However, not everyone is a fan of this new take on romance book covers. Many have voiced the sentiment that these illustrated book covers can be misleading and can cause young readers to unknowingly purchase books that contain sexually explicit content. “Icebreaker,” the book Carranco purchased, has particularly received a lot of backlash online.  

One Amazon reviewer writes, “My [fifth] grader had it on her reading wish list. I saw the cute front cover and high rating and thought nothing of it. My child took it into school and I got the awkward teacher phone call telling me the book was filled with sex and bad words.”

There’s debate over whether it’s the responsibility of the publisher, the author, or bookstore to clarify the sort of contents in romance books. Regardless, lovers of romance novels are still finding their way to these books. And experts say there is more to these novels than just the smoldering love scenes.

Romance is typically a genre made by women for women and due to the patriarchal values, it has been looked down on for its combination of emotional, sentimental and sexual content.”

“I think romance is one of the first genres that really starts to reflect what we as a society want to believe in terms of relationships,” Nutter says. “The genre is much more in tune to what’s going on in our society in general than some other genres.”

Jullie Carranco also personally wasn’t a fan of the excessive sexually explicit content when reading “Icebreaker.” Carranco says, “There was so much that it kind of took away from the story for me, that at one point, it does become a little bit embarrassing. Because it’s like, I also still want story.” While she may have had a bad experience with “Icebreaker,” Carranco says this doesn’t turn her away from romance, her favorite book genre. “Romance is such a relevant topic today. Like, it’s popular for a reason, you know? You can’t deny that. I think just because something is popular doesn’t mean that it’s always bad or not able to convey some form of intelligent message.”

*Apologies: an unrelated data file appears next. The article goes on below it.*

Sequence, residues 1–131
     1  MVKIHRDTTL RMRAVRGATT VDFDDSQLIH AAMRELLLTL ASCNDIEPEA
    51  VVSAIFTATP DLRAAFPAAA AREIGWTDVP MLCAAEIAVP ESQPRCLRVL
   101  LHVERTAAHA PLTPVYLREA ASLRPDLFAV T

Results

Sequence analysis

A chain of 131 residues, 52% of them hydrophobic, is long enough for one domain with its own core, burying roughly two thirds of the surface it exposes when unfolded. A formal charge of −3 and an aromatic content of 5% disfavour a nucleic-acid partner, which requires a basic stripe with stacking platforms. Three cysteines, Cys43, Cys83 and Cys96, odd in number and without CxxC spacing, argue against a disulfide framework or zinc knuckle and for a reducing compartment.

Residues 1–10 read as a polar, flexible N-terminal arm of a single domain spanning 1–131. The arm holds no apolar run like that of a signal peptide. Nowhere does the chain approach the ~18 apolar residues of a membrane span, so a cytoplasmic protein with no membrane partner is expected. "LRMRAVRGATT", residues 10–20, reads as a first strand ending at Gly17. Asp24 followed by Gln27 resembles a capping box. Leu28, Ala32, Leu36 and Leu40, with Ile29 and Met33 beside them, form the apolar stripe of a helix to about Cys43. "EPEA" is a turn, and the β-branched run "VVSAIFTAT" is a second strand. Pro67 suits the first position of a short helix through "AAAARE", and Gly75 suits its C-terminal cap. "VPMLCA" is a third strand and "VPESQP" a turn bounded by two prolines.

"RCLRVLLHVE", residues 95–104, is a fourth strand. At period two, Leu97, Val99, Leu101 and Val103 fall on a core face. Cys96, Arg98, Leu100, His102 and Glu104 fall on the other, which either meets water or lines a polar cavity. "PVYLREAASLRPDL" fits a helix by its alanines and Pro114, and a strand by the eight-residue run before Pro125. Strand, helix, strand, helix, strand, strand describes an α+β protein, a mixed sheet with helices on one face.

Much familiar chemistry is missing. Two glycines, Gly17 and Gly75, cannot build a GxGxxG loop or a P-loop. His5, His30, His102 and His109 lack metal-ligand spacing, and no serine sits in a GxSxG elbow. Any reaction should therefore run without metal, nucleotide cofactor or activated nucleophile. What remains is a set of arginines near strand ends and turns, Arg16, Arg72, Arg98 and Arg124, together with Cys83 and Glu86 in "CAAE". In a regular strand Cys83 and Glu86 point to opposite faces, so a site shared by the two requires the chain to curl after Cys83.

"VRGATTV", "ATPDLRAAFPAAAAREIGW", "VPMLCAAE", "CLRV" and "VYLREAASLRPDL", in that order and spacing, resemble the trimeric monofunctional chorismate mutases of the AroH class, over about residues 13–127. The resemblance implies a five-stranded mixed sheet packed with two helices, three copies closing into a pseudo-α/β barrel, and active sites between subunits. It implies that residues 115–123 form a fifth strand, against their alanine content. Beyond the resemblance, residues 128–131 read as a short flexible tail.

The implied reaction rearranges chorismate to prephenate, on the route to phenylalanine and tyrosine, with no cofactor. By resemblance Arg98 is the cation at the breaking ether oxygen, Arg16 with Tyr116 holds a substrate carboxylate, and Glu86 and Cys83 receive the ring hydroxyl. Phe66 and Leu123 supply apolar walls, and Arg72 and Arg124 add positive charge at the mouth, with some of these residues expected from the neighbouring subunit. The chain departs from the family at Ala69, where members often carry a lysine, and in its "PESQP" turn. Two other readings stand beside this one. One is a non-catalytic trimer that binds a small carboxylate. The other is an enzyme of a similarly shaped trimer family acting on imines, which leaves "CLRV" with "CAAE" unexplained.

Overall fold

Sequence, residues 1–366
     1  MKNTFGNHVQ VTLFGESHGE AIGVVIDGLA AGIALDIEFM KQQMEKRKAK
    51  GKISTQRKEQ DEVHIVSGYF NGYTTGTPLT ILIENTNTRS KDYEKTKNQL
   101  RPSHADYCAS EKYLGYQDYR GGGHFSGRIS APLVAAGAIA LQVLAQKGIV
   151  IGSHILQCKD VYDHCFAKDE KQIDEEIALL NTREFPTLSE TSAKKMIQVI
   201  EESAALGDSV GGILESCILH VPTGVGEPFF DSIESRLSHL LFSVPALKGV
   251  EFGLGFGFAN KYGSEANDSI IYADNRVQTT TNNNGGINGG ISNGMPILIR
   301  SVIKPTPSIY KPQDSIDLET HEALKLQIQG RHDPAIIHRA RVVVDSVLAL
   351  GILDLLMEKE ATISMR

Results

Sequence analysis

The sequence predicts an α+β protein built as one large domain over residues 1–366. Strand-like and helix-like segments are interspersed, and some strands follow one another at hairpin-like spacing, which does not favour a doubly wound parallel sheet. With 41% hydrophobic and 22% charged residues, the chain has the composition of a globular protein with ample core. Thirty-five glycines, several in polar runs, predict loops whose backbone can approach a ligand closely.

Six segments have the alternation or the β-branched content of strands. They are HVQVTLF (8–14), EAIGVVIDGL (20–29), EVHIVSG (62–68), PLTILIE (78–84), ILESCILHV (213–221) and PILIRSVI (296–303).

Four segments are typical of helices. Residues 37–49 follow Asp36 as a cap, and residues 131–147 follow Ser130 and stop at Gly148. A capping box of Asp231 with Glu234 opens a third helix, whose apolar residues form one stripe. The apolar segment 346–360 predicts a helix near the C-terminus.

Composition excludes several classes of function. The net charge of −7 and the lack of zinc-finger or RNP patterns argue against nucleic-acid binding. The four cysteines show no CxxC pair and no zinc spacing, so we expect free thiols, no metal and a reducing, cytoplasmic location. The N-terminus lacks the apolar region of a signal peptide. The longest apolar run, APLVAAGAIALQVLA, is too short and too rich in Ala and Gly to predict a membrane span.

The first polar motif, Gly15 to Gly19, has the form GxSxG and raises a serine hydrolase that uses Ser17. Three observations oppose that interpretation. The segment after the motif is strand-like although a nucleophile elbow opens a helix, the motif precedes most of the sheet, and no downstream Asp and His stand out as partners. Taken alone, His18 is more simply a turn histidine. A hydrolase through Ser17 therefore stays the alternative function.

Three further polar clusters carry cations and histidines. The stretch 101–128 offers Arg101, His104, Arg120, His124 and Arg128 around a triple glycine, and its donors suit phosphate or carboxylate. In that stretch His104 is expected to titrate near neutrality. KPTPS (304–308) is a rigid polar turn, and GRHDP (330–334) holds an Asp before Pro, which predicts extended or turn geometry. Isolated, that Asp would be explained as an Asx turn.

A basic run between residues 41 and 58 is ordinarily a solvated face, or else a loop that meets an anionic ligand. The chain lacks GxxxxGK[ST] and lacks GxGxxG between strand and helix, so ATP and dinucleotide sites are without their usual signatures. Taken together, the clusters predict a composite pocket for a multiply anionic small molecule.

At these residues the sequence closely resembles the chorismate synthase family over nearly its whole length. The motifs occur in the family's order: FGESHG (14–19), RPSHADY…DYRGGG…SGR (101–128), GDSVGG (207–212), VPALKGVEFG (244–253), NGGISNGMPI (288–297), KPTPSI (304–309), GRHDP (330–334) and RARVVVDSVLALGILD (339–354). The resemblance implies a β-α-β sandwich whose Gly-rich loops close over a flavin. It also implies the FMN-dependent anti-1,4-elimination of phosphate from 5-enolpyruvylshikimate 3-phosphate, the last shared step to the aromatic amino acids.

Taken from the Summer 2024 issue of Inside Fullerton. Read it here.

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About the Contributors
Karla Garcia
Karla Garcia, Staff Writer
Karla is a journalism major. In her free time, she enjoys reading books, watching romantic comedies, listening to Taylor Swift, and hanging out with her mom. In the future, Karla aspires to work at a book publishing house or as a school librarian.
Melisa Skinder
Melisa Skinder, Creative Director
Melisa is a communications major at CSULB. She is pursuing a graphic design and advertisement certificate here at Fullerton College. She is an avid concert-goer and loves to discover new music at music festivals. She hopes to work as a designer/creative in the music industry, designing album covers and other cool stuff for her favorite artists.  
Eli Young
Eli Young, Photo Editor
Eli is pursuing two associate degrees, one in journalism and the other in photography, to add onto their business management degree. In their free time, they like playing Dungeons and Dragons with their friends, reading romance novels, and learning about herbalism. They want to become a freelance photojournalist or a teacher. Their ultimate goal is to open an art gallery in their hometown, Compton.